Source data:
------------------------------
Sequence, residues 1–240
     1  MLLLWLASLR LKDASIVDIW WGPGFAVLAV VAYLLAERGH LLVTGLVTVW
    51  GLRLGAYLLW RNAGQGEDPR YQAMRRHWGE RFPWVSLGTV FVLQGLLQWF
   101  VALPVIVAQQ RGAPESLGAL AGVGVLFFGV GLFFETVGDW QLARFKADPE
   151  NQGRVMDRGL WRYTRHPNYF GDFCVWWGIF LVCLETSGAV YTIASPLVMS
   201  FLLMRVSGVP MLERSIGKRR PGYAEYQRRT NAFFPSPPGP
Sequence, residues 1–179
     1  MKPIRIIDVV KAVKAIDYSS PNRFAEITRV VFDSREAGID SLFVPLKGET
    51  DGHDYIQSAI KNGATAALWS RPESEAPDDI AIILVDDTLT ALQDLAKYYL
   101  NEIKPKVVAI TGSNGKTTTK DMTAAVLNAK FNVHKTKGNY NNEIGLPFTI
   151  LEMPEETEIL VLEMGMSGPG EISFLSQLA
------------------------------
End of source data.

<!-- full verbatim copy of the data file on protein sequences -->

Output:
Sequence, residues 1–240
     1  MLLLWLASLR LKDASIVDIW WGPGFAVLAV VAYLLAERGH LLVTGLVTVW
    51  GLRLGAYLLW RNAGQGEDPR YQAMRRHWGE RFPWVSLGTV FVLQGLLQWF
   101  VALPVIVAQQ RGAPESLGAL AGVGVLFFGV GLFFETVGDW QLARFKADPE
   151  NQGRVMDRGL WRYTRHPNYF GDFCVWWGIF LVCLETSGAV YTIASPLVMS
   201  FLLMRVSGVP MLERSIGKRR PGYAEYQRRT NAFFPSPPGP
Sequence, residues 1–179
     1  MKPIRIIDVV KAVKAIDYSS PNRFAEITRV VFDSREAGID SLFVPLKGET
    51  DGHDYIQSAI KNGATAALWS RPESEAPDDI AIILVDDTLT ALQDLAKYYL
   101  NEIKPKVVAI TGSNGKTTTK DMTAAVLNAK FNVHKTKGNY NNEIGLPFTI
   151  LEMPEETEIL VLEMGMSGPG EISFLSQLA